During the 2008 presidential election, Barack Obama promised to "institutionalize" the Proliferation Security Initiative, or PSI. This is an international effort designed to stop shipments of weapons of mass destruction, their delivery systems, and related materials worldwide. Obama promised to "expand the responsibilities of its members, not only in stopping illicit nuclear shipments, but also in eradicating nuclear black market networks. A stronger PSI will produce greater international intelligence and police cooperation, maintain tougher export controls and criminal penalties for violations in countries around the world, and apply the tools developed to combat terrorist financing to shut down proliferators' financial networks."
This is a sprawling promise, and experts say it has been hard to gauge its progress.
First, some background on the initiative. It was announced by President George W. Bush on May 31, 2003. Much of work to get the initiative off the ground occurred under Bush. The Obama administration has kept it going, but the advances have been incremental. About 100 countries have committed to PSI principles, though the degree of participation varies. Nations have joined as recently as August 2012, when the Dominican Republic signed on.
The administration has voiced rhetorical support for the initiative. In its 2010 Nuclear Security Strategy, the administration said it would seek to make PSI a "durable international effort." This sentiment was echoed in the administration's 2010 Nuclear Posture Review.
But experts say it's hard to know how effective the program has been. In a report released on June 15, 2012, the Congressional Research Service said that "there has been little publicly available information by which to measure PSI's success."
One possible measurement CRS considered is the number of PSI member nations. Some nations that aren't members -- including India and Taiwan -- have cooperated with the initiative without formally becoming members, but China, Malaysia, Pakistan, and South Africa, among other key countries, remain outside the PSI framework, CRS noted.
Of particular concern are "flag of convenience" countries. These include 32 mostly small nations that are often used by shipping companies as their official nation of registry because they are cheaper and have less intrusive government regulation. The top five "flag of convenience" countries -- Panama, Liberia, Belize, Malta, and Honduras -- are all PSI participants, but more than a dozen remain outside the framework, CRS said.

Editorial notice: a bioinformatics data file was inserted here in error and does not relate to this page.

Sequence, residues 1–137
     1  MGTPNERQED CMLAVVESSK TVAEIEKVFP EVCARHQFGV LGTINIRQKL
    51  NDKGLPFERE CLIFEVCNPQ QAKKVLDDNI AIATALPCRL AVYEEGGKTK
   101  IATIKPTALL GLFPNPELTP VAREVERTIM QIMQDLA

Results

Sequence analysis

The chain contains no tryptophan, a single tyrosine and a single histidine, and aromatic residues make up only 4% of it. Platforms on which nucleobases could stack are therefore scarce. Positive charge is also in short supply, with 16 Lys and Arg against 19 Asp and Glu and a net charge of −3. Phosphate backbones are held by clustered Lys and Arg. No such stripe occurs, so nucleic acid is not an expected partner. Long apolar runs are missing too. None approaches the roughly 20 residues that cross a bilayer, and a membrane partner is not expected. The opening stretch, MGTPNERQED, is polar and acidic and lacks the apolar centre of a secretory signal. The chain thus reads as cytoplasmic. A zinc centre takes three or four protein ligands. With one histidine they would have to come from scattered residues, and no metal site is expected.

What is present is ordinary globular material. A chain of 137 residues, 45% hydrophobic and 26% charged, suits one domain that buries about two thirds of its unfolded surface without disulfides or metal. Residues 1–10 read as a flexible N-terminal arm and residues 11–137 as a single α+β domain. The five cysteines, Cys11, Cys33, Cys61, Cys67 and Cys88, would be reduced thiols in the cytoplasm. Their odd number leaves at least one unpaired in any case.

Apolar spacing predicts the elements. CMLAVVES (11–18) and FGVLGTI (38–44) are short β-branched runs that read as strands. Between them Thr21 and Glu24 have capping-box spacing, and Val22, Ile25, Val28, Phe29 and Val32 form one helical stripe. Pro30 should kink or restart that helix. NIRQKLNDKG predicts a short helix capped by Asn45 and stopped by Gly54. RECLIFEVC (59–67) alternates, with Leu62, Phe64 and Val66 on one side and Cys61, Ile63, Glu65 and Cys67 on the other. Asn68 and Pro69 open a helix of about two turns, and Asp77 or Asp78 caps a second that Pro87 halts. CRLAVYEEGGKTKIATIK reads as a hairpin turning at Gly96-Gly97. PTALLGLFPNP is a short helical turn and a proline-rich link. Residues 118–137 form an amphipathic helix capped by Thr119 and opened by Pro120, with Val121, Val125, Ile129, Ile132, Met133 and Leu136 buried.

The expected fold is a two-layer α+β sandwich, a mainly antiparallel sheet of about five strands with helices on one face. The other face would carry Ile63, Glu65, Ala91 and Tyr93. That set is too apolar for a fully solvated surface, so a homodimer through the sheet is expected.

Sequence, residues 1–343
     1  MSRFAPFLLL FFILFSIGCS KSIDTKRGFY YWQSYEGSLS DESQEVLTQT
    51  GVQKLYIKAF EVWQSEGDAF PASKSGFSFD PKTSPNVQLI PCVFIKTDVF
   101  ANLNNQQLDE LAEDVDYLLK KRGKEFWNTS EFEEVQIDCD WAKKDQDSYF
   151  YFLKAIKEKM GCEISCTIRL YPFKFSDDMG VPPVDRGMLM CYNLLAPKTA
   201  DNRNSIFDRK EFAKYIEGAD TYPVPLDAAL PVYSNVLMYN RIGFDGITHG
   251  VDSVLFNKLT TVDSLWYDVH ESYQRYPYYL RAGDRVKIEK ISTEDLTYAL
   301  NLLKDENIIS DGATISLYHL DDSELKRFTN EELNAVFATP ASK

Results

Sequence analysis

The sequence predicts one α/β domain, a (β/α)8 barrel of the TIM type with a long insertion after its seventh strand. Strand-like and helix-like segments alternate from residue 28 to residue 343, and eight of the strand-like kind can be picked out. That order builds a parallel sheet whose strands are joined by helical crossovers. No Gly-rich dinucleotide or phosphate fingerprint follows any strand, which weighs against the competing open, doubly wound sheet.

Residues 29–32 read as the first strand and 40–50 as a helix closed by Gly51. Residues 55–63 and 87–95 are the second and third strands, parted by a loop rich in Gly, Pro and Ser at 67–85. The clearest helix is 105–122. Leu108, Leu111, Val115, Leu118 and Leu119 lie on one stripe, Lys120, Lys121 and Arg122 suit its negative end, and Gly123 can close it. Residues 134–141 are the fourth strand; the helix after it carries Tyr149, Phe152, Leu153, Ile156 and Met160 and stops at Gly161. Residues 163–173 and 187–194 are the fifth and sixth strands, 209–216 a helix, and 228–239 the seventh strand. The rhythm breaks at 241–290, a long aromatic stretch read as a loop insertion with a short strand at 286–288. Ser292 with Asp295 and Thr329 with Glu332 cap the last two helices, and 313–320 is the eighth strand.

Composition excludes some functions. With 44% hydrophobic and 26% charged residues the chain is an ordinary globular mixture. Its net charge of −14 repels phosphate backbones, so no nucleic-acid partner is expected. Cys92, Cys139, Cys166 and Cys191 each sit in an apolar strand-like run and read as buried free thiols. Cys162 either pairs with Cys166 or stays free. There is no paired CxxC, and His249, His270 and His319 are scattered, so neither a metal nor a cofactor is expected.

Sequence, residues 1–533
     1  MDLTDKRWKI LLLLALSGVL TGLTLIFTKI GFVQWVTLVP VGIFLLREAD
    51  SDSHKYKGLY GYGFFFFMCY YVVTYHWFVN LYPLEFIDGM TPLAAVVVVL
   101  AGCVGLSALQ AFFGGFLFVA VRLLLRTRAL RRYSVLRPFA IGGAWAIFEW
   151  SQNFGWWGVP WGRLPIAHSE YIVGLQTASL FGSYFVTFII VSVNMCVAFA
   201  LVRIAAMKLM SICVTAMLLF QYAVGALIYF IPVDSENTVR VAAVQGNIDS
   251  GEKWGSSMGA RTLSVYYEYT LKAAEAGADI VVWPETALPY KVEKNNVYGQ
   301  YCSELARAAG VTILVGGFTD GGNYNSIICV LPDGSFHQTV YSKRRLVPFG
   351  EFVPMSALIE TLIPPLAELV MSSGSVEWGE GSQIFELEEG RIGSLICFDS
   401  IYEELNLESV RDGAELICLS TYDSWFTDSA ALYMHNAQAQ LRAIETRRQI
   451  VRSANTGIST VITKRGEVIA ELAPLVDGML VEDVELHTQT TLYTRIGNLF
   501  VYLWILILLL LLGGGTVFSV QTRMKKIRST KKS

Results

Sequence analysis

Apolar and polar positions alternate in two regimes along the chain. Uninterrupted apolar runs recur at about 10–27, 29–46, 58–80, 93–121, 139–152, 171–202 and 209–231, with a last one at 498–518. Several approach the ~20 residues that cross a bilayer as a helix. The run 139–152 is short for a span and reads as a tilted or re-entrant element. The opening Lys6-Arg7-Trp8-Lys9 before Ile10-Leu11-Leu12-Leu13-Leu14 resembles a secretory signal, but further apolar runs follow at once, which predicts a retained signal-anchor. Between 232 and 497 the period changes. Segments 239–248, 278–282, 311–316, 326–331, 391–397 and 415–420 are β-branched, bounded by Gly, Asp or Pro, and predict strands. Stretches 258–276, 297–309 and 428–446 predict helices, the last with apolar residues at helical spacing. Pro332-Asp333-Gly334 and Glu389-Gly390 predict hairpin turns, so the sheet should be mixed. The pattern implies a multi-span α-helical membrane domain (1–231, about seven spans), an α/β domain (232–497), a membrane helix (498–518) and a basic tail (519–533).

Another possible measurement is the number of interdictions successfully carried by PSI member countries, but CRS called this metric "problematic," because it isn't clear whether increases stem from PSI or from improved intelligence or activity that would have happened in the absence of the initiative.
A third possible measurement is the signing of ship-boarding agreements. There are currently 11 such agreements, CRS said. The Obama administration has concluded two -- Antigua and Barbuda, and Saint Vincent and the Grenadines.
Matthew Bunn, an associate professor of public policy at Harvard University's Kennedy School of Government, said that the administration's advancement of PSI has been a mixed bag, though he added that some of the elements of the promise we're checking have seen progress outside of PSI specifically.
For example, the Financial Action Task Force-- an international body established in 1989 that includes 36 nations-- "has expanded from dealing with laundering of drug money to dealing with terrorism financing and now to proliferation financing," Bunn said.
Obama has "institutionalized" PSI in the sense that he continues to tout its importance and sign agreements with other nations. But independent observers such as CRS say it's hard to say exactly how much the initiative has accomplished. So we rate this promise a Compromise.